Greg Dalton: And that's very powerful. I can imagine that’s especially powerful, eco-doom is something that young people talk about and struggle with. The idea that like, our future is really dark. I imagine what that's like in a situation where there's been generations of armed conflict and people might have even another layer of reason to feel doubtful about their future. So, do you encounter that overcoming kind of that eco-doom?
Nada Majdalani: We do. But as you mentioned, there’s another layer of fear of the future because environmental issues climate insecurity is linked much to water insecurity which, in our part of the world is also connected to the conflict specifically for Palestinians who are not in full control of their water resources and access to land and access to basically free movement and even freedom of speech and activism. So, in that sense, yes, young Palestinians fear from the future and fear from the current situation at which they see that there is shrinking spaces limiting exponentially limited opportunities for growth. And this cannot basically lead to a healthy future and sustainable future for all people in the region. And this is exactly where we and not only on the level of students and youth but also among several of our participants and stakeholders that we speak with from the three countries, Palestine, Israel and Jordan. We try to make them understand that our destinies are very much connected. If pollution happens on one side the other side is not immune. If water insecurity is on one side, it means that your neighbor is not happy, your neighbor is suffering of lack of opportunities and frustration. And this frustration could blow up in your face. And this is exactly for example, what happens in Gaza Strip, where people, 2 million people under blockade for the past 15, 16 years lack of food and medicine supplies lack of access to water, energy insecurity. As we speak, Gaza has 16 hours of darkness versus four hours of electricity. And you can imagine how this reflects on again the aspirations of people and how the reactions reflect on again the regional and the overall conventional meaning of security in the area.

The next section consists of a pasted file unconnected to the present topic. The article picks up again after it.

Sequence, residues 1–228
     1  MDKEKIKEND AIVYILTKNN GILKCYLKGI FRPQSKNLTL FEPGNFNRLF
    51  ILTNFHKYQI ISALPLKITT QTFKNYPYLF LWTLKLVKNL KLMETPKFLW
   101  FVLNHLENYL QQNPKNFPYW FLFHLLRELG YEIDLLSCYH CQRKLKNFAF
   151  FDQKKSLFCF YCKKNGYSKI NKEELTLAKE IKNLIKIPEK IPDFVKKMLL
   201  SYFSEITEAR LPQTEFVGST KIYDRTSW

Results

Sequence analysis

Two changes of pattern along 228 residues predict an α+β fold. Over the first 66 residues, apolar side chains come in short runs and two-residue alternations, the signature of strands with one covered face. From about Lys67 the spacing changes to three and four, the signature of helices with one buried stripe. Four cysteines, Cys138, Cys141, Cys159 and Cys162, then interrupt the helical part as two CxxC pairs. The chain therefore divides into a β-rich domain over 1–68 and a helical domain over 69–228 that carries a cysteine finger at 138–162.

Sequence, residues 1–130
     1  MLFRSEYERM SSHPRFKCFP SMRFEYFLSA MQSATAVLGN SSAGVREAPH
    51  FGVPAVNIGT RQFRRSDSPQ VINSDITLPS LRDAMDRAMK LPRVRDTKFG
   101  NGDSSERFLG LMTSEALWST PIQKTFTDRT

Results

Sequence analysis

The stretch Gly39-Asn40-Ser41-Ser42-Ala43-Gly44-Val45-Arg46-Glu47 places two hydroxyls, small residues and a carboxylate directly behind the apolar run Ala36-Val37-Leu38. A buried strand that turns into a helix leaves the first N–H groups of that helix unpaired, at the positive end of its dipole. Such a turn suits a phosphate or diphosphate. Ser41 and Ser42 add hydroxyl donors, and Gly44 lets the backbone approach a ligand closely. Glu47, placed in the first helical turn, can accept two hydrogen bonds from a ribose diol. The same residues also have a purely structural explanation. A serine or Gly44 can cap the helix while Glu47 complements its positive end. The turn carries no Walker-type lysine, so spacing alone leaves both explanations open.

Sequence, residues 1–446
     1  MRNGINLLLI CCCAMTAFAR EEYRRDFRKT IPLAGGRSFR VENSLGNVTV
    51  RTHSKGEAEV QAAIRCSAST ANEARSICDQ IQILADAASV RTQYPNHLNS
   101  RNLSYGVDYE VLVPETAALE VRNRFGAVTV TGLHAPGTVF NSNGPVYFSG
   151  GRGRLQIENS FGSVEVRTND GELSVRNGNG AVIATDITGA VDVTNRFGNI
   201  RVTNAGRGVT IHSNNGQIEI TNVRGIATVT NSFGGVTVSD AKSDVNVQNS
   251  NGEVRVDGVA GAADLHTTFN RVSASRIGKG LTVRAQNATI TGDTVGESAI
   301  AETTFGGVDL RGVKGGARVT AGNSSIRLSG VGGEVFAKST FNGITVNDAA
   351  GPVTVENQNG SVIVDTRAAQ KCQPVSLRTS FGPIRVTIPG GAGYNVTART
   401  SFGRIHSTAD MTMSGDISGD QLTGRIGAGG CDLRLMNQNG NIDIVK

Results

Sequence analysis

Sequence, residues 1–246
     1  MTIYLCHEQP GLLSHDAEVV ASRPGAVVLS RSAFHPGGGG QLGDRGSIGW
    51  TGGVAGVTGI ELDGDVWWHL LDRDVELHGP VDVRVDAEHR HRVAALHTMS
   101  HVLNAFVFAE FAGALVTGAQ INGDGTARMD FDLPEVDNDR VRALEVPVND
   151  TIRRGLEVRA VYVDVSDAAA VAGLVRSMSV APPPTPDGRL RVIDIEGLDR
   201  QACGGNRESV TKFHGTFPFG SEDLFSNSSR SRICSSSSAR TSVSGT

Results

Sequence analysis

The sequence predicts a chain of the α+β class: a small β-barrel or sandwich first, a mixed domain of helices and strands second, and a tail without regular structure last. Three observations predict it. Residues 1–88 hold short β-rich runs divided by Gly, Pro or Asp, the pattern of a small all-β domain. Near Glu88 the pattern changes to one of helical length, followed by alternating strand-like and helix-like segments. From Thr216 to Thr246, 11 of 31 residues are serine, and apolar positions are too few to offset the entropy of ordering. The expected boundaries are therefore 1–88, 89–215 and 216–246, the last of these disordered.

Greg Dalton: And in security circles, militaries around the world talk about climate as a threat multiplier. What is EcoPeace Middle East’s approach to diffusing that threat multiplier?
Nada Majdalani: Well, we do recognize the literature and also the explanations and the notion that military establishment such as the NATO and also reports by CIA, etc. that connect climate change and climate insecurity to exacerbating conflicts. What we would like to see is totally the opposite. We actually regard climate change as a potential opportunity multiplier. Once we identify that climate impact for people in conflict even is something as a mutual concern and a mutual and that they recognize that there should be a mutual understanding that there should be cooperation and working on solutions together to reduce and mitigate the impacts of climate change that this could be potentially an opportunity multiplier for bringing down antagonism and putting people together to look into things in a more positive direction.
Greg Dalton: You're listening to a conversation about combating the effects of climate disruption in conflict zones. This is Climate One. Coming up, how Majdalini finds inspiration in the midst of difficult times:
Nada Majdalani: There are positive examples out there that have worked out for people who have historically been in war with millions of victims and millions of tragic stories. But they have found the way out and this is what we are hoping for.
Greg Dalton: That’s up next, when Climate One continues.